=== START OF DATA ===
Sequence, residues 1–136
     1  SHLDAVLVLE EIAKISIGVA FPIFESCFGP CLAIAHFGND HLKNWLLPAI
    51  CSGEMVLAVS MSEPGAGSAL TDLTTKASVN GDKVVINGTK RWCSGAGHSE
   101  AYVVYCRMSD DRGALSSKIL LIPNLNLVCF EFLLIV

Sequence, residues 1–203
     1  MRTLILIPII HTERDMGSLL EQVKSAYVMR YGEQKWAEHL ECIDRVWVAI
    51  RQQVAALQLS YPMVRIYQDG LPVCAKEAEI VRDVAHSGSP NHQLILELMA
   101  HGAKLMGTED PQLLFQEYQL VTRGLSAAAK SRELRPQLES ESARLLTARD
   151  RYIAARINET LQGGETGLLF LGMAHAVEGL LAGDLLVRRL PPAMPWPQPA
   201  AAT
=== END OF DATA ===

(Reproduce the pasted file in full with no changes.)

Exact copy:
Sequence, residues 1–136
     1  SHLDAVLVLE EIAKISIGVA FPIFESCFGP CLAIAHFGND HLKNWLLPAI
    51  CSGEMVLAVS MSEPGAGSAL TDLTTKASVN GDKVVINGTK RWCSGAGHSE
   101  AYVVYCRMSD DRGALSSKIL LIPNLNLVCF EFLLIV

Sequence, residues 1–203
     1  MRTLILIPII HTERDMGSLL EQVKSAYVMR YGEQKWAEHL ECIDRVWVAI
    51  RQQVAALQLS YPMVRIYQDG LPVCAKEAEI VRDVAHSGSP NHQLILELMA
   101  HGAKLMGTED PQLLFQEYQL VTRGLSAAAK SRELRPQLES ESARLLTARD
   151  RYIAARINET LQGGETGLLF LGMAHAVEGL LAGDLLVRRL PPAMPWPQPA
   201  AAT